My affinity for water, though, is long-standing. And when I picked up Corey from the boatyard, a tug was pulling away from the dock. I turned to him and asked him in all seriousness if he doesn’t miss being on the water on days like this.

I know that if I had been born male, know this with every fiber of my being, I would have picked a job that took me onto the water. Why male, you might ask? Unfortunately, the water is still one of the last bastions that is not completely open to women. It takes more than strength of will to do battle with the water and survive. There must be physical strength. That is simply the way that it is.

But I really do understand why my father was always more comfortable at sea as opposed to being on dry land. I mean, I know that being gone for months at a time is a lonely prospect, but I like to think of what it might have been like to be on a NOAA exploration vessel, the things I would have seen, the experiences I might have had.

Truthfully, the only major I regret not pursuing in college is oceanography, which might seem weird for a woman who loves literature and writing, but imagine the tales I would have to tell if I had gone to sea.

It is not something that I would have undertaken lightly, though, as I have a healthy respect for the power that lies just beneath that mirror-like calm, how in an instant the blue can become white churning, relentless and angry.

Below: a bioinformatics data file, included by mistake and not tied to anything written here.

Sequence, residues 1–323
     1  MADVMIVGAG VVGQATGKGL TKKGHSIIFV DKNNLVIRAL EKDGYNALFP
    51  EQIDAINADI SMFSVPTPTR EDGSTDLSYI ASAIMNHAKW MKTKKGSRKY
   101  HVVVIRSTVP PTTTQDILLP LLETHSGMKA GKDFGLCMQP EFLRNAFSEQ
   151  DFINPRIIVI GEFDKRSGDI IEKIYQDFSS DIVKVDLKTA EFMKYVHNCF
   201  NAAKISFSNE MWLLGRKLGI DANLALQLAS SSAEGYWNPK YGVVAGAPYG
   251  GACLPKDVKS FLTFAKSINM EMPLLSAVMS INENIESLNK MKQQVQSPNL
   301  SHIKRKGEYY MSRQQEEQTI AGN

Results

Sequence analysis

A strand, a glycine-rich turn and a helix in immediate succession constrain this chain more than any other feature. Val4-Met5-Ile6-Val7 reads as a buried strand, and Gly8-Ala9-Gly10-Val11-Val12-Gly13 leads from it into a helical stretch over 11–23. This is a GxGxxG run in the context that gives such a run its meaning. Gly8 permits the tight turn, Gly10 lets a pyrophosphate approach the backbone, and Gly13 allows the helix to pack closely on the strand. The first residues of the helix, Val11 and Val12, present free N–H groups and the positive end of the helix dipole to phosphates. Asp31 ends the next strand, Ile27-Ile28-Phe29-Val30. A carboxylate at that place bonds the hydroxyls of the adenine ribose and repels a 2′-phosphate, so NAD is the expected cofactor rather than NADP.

“I restored to the tray’s slightly concave stainless steel,
That ever so slightly distorted mirror, its polished shine.
It reflected all of the sky, through which clouds reeled,
And I could confirm that space does not weigh more than time.” ~ Jacques Réda, from “The Letter Scale,” (trans. Andrew Shields)

Captain on the Bridge by Jens Lumm (FCC)

What still gives me hope—and yes, I am still capable of that—still grants me a sense that all is not lost is my ability to find beauty unexpectedly, when I happen upon a moment so perfect that I must pause and swallow and perhaps wipe away a tear.

Too sappy? But true.